1 Determine there are two things that are being talked about with the consumer: Advice (i.e. regulated financial advice or it falls outside the F-Packs remit totally) or Guidance. As a working group they are ahead of the game as they have this already established so only need to worry about point 2. So far so good.
    2 Define advice as giving a written personal recommendation (as currently defined in the FCA handbook) to a consumer. ANYTHING other than this, by definition is not advice and therefore has to be guidance and the “whole massive” problem is solved.

    It doesn’t need to be difficult and it is irrelevant whether or not the consumer THINKS they are being given advice. For once the consumer has to fall in line with the regulations that exist for their protection and the FCA should be saying “Here is what needs to have happened for you to have the protection in place that we, the FoS and FSCS are here for. If it does not, you do not have our protection as it is falls outside our remit”

  5. @DB and Marty Y

    It really is a very clear demarcation and really doesn’t have to be so agonising. Advice is when a product is purchased. Guidance is when no specific product is mentioned on the generic and there is no purchase being made.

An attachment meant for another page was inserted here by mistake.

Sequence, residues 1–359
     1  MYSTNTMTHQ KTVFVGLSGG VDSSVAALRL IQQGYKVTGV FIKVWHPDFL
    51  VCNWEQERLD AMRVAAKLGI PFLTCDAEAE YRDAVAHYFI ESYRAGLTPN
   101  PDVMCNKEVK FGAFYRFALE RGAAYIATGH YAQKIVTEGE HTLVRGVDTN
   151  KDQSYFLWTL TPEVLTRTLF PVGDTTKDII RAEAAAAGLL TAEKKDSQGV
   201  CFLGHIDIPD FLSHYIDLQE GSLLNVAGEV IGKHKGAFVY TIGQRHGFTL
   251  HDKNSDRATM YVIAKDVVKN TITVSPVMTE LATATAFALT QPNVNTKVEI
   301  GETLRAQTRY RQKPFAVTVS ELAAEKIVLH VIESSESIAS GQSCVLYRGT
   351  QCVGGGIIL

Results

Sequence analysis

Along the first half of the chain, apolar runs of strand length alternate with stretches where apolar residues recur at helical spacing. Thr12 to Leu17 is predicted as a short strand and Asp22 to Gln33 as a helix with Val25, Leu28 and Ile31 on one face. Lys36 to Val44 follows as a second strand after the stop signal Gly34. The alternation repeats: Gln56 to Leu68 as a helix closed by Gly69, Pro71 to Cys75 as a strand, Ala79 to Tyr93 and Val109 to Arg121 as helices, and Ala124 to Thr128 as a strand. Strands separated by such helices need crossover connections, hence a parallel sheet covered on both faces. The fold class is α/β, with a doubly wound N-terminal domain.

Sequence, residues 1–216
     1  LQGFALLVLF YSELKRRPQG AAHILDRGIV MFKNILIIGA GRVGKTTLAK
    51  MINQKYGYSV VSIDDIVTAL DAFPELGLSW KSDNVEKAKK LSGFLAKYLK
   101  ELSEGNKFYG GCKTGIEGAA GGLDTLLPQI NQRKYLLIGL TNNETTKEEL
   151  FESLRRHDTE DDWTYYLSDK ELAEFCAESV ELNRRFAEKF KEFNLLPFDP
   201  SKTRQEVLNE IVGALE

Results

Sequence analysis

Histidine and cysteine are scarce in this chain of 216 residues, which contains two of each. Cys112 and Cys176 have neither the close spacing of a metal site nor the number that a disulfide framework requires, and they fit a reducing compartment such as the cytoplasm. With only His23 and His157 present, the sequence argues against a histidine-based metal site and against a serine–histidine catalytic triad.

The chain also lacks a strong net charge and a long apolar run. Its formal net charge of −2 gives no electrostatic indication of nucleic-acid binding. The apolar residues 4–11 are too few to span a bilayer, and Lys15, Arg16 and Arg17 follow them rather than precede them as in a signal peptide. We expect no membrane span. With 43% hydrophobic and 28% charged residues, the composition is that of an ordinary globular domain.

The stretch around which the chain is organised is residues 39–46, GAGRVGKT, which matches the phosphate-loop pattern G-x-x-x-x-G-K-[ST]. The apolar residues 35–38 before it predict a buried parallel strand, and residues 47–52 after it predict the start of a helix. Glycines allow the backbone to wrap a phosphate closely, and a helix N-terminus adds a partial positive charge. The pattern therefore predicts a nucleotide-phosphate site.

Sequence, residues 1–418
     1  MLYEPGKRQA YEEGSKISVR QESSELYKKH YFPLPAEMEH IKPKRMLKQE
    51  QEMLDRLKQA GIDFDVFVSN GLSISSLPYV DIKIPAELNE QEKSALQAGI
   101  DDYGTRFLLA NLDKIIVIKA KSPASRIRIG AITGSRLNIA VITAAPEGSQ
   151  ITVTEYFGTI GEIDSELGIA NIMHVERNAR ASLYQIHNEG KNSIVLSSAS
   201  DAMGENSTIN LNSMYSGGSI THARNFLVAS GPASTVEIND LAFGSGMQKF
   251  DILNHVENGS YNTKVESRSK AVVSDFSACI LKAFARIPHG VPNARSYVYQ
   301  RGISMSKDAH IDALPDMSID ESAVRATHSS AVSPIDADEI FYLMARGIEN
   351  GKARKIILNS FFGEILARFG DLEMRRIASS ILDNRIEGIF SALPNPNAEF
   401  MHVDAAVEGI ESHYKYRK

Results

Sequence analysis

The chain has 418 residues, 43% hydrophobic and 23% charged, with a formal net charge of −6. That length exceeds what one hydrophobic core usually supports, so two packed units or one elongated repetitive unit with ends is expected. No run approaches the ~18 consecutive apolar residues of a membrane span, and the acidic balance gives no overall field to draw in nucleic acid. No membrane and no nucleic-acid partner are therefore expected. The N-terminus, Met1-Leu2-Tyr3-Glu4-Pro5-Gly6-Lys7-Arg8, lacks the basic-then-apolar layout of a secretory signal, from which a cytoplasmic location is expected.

Oversight and enforcement just need a little imagination. Guidance isn’t regulated to therefore no provider can accept a purchase unless from an authorised individual – who can if they so choose- also provide guidance, but this will be ‘authorised guidance’.

    Now someone tell me how to complicate this.

  6. According to the FCA’s own website “The Financial Advice Market Review (FAMR) was launched in August 2015 to examine how financial advice could work better for consumers.” So why are they allowing themselves to be side-tracked into debating how and where to draw a line between advice and guidance? The primary reason why people seek guidance instead of advice is that they think they can avoid having to pay anything. The ultimate conclusion of all guidance sessions has to be: To put any of this into practice, you’ll need to take (and pay for) advice.

  7. The comment all sound very sensible, but surly someone will be expecting a Knighthood out of this momentous issue !

  8. I would be happier if they were sitting down to discuss the need to ban advice on unregulated products by regulated firms/advisers. That is by far and away a bigger cost and risk issue to our sector.

    • Of course it is but, as its own actions and litany of failures have shown us, the FCA is constitutionally incapable of appropriately prioritising anything on its agenda (which is why an external body is required to instruct it how to do so). It’s both easier and more fun to throw stones at what the networks are doing than it is to do its job to prevent train wrecks such as Connaught (to name just one of so many).

  9. Advice = I take responsibility
    Guidance = You take responsibility